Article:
The PhD prepares students for careers in teaching and research at the college and university levels and a variety of careers in the arts and related professions.
Distinctive Features of Graduate Theatre Studies at FSU
- Theoretical and practical grounding: Students receive strong grounding in theatre history and dramaturgical practice to support their use of contemporary critical methodologies.
- Professional development and mentoring: Professional development and mentoring are emphasized at all stages of the individual student’s career. Students are supported in their class work, teaching, conference presentations, and publishing efforts.
- Nationally ranked MFA programs: The graduate programs in Theatre Studies are embedded in a full-service theatre training school that includes MFA programs in costume design, production technology, and theatre management. Our MA and PhD programs are distinguished by our close relationships with the professional artists who direct these programs and with whom we collaborate in devising research and curricular opportunities for students.
- Synergistic relationship between undergraduate and graduate programs in Theatre Studies: The benefits of strong undergraduate programs in theatre are best exemplified by the teaching opportunities that are available to MA and PhD graduate students.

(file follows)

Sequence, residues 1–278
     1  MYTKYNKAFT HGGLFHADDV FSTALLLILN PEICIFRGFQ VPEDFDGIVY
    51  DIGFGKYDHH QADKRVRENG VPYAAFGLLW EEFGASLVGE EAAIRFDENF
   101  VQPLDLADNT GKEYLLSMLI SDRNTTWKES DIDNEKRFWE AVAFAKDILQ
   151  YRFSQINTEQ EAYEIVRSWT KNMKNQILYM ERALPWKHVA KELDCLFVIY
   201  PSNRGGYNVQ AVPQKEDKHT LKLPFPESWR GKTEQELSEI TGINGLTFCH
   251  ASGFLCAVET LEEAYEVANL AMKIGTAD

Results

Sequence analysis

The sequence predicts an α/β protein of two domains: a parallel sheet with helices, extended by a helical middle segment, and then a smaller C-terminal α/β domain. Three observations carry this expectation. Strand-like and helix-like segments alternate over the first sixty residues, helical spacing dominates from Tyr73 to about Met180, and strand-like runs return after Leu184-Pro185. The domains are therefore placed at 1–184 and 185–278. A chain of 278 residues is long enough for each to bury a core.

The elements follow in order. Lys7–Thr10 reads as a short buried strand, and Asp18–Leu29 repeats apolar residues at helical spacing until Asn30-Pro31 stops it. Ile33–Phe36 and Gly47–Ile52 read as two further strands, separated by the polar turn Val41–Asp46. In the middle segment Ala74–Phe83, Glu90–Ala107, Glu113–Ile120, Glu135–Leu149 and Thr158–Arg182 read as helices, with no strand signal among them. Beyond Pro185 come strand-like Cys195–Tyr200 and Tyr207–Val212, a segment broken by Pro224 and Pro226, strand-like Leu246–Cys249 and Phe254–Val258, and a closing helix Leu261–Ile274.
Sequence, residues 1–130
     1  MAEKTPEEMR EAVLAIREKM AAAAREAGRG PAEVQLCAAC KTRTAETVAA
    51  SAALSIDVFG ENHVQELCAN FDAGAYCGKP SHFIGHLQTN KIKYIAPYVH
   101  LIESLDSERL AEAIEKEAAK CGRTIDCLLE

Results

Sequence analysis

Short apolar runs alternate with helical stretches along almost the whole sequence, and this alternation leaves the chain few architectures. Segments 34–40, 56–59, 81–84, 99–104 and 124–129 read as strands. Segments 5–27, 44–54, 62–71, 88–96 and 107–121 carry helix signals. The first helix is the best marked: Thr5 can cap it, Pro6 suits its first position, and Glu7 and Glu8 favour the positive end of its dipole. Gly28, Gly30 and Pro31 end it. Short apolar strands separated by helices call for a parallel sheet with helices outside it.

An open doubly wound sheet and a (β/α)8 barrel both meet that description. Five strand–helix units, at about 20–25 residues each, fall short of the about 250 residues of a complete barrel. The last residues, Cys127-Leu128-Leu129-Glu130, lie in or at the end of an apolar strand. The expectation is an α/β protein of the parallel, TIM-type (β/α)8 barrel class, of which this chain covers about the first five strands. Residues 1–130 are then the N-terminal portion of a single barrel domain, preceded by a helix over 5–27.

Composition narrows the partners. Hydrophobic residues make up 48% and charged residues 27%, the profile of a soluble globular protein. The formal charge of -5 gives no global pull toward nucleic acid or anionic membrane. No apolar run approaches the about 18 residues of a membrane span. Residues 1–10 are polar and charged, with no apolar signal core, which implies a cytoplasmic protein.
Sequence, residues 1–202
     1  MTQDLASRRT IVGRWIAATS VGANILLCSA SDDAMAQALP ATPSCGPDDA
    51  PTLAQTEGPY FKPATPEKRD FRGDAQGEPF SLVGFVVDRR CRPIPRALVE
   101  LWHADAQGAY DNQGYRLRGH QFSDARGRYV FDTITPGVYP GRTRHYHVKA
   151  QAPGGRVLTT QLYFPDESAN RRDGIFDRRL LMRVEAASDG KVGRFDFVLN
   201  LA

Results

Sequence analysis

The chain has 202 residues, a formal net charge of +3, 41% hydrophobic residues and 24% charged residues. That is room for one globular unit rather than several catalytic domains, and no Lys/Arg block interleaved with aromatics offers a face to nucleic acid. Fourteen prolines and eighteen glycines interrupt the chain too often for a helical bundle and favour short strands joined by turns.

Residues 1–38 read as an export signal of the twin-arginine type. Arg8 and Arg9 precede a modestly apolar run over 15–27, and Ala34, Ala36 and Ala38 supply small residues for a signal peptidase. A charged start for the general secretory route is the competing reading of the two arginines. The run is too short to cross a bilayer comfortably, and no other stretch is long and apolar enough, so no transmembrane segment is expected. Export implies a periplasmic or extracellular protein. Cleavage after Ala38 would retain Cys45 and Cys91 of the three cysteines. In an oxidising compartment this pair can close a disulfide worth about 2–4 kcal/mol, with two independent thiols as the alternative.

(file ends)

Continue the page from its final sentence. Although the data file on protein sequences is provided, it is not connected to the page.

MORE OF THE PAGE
- Mary Karen Dahl, Director, Graduate Programs in Theatre Studies (PhD, Stanford University)
- Elizabeth Osborne (PhD, University of Maryland, College Park)
- Nia Witherspoon (PhD, Stanford University)
- Daniel Sack (PhD, Stanford University)
- George McConnell (PhD, University of Minnesota)
- Kris Salata (PhD, Stanford University)
- A Bachelor's Degree in Theatre from an accredited college or university. Students who do not hold a Theatre degree must show evidence of substantial course work in a closely related field to indicate probability of achieving success in advanced theatre studies;
- A grade point average of at least 3.0 (on a 4.0 scale) during the last two years of study for a bachelor's degree;
- A competitive score on the verbal and quantitative portions of the Graduate Record Examination (GRE) taken within the last 5 years;
- Specific approval of the faculty and program director within the School of Theatre;
- To apply, follow the instructions at How to Apply to the MA or PhD in Theatre Studies
The MA degree may be earned under a thesis program or a comprehensive exam program. Students planning to go on for a PhD are advised to pursue the MA with a thesis program. Both options require students to demonstrate proficiency in a foreign language.
The thesis program requires a minimum of 30 semester hours of course work, including thesis credit. A maximum of 6 semester hours of credit may be taken on a pass-fail (S/U) basis to fulfill the 30 semester-hour minimum. Students must submit an acceptable thesis for not less than 3 or more than 6 semester hours of credit. Students may, depending on their circumstances, complete more than 6 hours of thesis credit; however, no more than 6 hours may be applied to the required 30 semester hours of course work.
The comprehensive exam program requires a minimum of 32 semester hours of course work, of which 11 semester hours may be taken on an S/U basis. In either program, at least 12 hours of course work must be at the 5000-level or above.